On February 4, the military junta in charge of Myanmar imposed martial law in several strongholds of anti-military resistance, Al Jazeera reports. In the numerous townships affected by the new measures, the citizens of Myanmar will be tried for various charges from treason to spreading fake news. As announced by state-controlled media, the junta will not hear any appeals, except in cases involving the death penalty. This new measure by the military government suggests an increasingly concerted effort to suppress resistance in regions where protests have taken place since a military coup occurred two years ago.
Such a measure comes after Myanmar’s military government announced the extension of a two-year state of emergency on February 1, the Associated Press adds. This decision delays their plans for an August election, which the government has justified as necessary to maintain peace and stability in the country. The emergency will be extended for another six months to prepare for peaceful and fair elections due to what the junta describes as ongoing abnormal circumstances.
Myanmar has a long history of military rule, Al Jazeera explains. Armed forces controlled the country until a fragile democracy was briefly established just over 10 years ago. Myanmar first achieved independence in 1948 after long struggles with Great Britain and Japan. Unfortunately, democracy did not last long; in 1962, the military staged a coup and took control leading to economic stagnation and suppression of opposition parties. In 1977, Aung San, who helped lead the country to independence, was assassinated.
His daughter, Aung San Suu Kyi, founded the National League for Democracy (NLD), the leading party behind the nation’s long and winding path to democracy. In 1988, pro-democracy protests were met with a brutal military crackdown. Amid international pressures, the military government held an election in which the NLD won in a landslide, but the military refused to hand over power. Aung San Suu Kyi has been arrested multiple times and supporters were beaten to death in 2003. After years of protests and the Cyclone Nargis disaster, democratization began with a controversial constitutional referendum in 2008. In 2015, the NLD finally gained power with Aung San Suu Kyi as state counselor, although the military continued to play a prominent role in politics.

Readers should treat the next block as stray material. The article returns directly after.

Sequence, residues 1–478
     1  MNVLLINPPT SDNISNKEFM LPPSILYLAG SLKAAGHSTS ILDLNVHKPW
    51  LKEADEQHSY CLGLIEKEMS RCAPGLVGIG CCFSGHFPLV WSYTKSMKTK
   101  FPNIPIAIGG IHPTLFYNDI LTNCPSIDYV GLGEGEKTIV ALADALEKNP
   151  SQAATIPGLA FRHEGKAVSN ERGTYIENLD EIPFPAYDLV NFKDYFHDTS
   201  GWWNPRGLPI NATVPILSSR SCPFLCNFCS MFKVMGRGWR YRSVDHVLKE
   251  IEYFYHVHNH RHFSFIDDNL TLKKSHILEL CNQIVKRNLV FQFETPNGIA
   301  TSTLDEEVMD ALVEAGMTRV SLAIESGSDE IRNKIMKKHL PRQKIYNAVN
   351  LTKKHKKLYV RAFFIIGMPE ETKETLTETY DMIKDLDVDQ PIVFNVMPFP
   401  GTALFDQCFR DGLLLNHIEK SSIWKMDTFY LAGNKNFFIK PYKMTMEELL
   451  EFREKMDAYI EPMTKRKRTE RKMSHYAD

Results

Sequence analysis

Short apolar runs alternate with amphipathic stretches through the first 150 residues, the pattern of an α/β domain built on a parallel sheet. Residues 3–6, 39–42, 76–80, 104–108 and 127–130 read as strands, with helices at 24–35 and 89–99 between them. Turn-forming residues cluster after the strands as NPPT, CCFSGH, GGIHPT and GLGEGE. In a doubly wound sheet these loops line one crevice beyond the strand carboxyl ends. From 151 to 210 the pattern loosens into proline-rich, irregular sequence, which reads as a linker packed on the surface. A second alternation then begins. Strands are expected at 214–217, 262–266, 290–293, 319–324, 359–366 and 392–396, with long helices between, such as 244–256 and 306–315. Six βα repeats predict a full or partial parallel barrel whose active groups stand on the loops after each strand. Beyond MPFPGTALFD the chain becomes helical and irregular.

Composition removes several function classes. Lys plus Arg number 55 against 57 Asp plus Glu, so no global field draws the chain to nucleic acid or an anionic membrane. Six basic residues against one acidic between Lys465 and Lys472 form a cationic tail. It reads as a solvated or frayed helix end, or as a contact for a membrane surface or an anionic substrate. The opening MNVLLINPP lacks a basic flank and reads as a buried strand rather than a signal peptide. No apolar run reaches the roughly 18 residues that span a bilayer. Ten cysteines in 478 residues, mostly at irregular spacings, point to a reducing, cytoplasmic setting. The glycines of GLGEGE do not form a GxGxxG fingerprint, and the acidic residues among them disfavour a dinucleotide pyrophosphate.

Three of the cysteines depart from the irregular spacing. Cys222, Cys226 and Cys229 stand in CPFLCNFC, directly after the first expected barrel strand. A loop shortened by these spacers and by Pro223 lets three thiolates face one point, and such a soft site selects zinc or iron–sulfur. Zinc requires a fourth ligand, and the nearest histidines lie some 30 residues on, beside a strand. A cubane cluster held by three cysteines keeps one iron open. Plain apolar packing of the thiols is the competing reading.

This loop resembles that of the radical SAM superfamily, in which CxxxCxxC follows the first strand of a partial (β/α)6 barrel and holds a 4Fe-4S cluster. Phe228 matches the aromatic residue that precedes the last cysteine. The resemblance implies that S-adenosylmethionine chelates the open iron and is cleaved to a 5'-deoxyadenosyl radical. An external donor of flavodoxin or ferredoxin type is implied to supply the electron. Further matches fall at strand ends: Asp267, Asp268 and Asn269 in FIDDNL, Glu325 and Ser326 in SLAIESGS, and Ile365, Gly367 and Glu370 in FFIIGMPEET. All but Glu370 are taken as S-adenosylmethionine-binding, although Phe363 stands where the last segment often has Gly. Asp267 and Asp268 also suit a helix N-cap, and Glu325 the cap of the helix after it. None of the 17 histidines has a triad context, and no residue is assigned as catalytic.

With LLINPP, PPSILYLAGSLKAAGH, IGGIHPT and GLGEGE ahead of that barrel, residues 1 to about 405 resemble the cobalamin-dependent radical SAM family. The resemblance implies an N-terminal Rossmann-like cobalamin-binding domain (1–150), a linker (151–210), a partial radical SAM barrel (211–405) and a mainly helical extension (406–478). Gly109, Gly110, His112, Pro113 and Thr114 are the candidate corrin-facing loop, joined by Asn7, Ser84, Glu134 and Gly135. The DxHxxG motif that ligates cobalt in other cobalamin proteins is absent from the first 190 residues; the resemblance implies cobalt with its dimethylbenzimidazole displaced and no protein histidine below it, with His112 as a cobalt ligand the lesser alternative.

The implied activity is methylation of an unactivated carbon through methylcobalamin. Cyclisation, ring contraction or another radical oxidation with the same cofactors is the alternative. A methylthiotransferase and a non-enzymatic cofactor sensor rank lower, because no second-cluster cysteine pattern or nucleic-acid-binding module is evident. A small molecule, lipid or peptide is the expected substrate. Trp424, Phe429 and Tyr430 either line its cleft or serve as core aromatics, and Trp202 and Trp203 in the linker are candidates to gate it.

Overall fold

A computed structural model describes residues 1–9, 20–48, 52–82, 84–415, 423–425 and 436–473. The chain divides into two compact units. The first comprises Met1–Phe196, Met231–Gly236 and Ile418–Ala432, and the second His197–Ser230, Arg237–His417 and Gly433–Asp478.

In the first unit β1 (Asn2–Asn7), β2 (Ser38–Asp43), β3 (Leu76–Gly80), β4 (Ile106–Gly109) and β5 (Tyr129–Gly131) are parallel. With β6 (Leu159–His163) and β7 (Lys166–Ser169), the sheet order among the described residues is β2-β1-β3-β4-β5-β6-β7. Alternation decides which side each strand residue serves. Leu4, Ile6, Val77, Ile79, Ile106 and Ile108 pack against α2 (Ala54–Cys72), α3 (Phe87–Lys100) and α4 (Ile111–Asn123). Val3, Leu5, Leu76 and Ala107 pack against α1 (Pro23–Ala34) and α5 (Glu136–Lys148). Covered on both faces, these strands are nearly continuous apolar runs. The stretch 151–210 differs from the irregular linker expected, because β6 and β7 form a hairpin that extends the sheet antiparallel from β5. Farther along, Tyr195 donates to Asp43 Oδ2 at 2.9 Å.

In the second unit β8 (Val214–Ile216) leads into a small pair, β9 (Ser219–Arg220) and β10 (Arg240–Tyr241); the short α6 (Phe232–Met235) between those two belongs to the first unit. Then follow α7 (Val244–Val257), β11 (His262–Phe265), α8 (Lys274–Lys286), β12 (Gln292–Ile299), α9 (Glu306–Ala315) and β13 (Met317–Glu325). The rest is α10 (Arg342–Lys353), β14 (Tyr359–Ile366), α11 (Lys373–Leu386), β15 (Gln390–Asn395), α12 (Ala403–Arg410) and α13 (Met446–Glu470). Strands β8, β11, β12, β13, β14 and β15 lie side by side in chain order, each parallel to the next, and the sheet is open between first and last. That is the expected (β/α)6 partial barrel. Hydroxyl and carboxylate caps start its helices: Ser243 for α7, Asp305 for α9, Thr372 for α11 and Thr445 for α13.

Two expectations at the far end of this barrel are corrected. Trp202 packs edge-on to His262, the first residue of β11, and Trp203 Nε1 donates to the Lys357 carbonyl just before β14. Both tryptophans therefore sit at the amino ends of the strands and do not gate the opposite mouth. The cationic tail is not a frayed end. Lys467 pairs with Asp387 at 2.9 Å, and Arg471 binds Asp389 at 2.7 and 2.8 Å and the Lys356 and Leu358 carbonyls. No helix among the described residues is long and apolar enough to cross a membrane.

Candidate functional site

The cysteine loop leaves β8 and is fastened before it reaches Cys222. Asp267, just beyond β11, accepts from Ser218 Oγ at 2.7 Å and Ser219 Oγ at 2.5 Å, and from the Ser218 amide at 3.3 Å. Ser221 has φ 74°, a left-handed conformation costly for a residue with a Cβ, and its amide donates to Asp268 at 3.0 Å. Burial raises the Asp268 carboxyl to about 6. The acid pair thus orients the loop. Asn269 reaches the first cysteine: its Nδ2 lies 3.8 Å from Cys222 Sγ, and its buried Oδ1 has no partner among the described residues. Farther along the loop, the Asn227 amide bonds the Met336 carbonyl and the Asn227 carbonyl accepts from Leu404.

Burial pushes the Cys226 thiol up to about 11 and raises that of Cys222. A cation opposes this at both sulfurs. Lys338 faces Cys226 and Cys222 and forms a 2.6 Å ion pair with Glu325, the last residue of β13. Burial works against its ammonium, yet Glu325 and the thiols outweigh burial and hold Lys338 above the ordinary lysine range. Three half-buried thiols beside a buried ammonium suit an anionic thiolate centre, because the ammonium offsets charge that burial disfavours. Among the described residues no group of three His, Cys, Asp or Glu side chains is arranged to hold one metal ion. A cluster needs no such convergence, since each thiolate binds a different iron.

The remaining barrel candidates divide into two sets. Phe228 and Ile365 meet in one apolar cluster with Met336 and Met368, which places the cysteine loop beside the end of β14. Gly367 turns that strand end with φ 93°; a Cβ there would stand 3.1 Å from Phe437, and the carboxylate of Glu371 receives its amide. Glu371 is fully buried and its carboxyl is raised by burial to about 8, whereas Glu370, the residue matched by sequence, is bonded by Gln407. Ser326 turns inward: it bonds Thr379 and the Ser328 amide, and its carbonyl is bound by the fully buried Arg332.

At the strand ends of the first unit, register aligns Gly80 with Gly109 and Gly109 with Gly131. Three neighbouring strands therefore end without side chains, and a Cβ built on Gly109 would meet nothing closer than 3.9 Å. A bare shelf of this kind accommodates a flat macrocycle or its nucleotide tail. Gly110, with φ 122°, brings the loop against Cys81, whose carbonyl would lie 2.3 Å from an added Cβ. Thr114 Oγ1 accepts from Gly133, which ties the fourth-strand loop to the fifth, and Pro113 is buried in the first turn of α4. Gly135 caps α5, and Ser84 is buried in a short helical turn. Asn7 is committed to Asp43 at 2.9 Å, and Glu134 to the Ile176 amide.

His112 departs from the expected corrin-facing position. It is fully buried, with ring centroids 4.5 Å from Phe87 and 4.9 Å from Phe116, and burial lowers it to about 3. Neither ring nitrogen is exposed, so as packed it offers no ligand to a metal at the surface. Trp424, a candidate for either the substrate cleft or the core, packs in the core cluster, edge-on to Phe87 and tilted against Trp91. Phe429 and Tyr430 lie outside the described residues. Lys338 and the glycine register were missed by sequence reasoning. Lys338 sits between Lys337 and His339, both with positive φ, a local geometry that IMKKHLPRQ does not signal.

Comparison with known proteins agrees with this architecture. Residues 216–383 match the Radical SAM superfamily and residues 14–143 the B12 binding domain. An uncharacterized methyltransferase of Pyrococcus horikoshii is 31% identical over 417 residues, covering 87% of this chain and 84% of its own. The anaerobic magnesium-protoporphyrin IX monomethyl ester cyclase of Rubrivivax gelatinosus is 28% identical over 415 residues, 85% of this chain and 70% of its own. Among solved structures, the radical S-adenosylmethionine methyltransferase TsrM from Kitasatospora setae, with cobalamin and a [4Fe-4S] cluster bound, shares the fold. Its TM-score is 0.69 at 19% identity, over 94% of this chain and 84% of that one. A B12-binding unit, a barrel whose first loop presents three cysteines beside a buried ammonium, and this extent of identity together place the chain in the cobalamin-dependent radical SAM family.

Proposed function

Al Jazeera details that after the NLD’s resounding victory in the 2020 election where they garnered even more votes than in the 2015 election, the military’s proxy party, the USDP, demanded a rerun and requested military assistance to ensure fairness, citing alleged irregularities. While an independent election commission rejected these claims of voter fraud, on February 1, 2021, the military imposed a state of emergency and transferred power to military chief Min Aung Hlaing, best known for his staunch anti-democratic stances. This came after Aung San Suu Kyi and other top government officials were arrested in early morning raids.
In the immediate aftermath of the coup, the Associated Press reports how the ouster of the elected government provoked widespread protests and civil disobedience. As time passed, the military used violence to suppress any displays of opposition. Several governments rejected the army’s leadership and imposed sanctions, restricting some financial flows. However, Myanmar’s neighbors in Southeast Asia and its most powerful ally, China, hesitated to take similar actions.
Since the military takeover, they have employed increasingly harsh tactics, including the first executions in 30 years, to suppress dissent. The economy has severely declined, due to both the instability of the government and the various restrictions imposed by other nations. Deutsche Welle estimates that thousands have died and over a million have been displaced. There have been multiple attacks and kidnappings throughout the country carried out by the military government, with the prisons full of political prisoners.
Bloomberg reports the United States and its allies, the United Kingdom, Canada, and Australia, have all condemned Myanmar’s move to extend a state of emergency for another six months, in addition to the undemocratic military government. The U.S. has made clear that it will continue to deny the regime international credibility. The United Nations Security Council had passed a resolution calling for an end to the violence, and additionally, the release of all political prisoners. For now, the rest of the world waits with bated breath and hopes for an end to this violent civil conflict.
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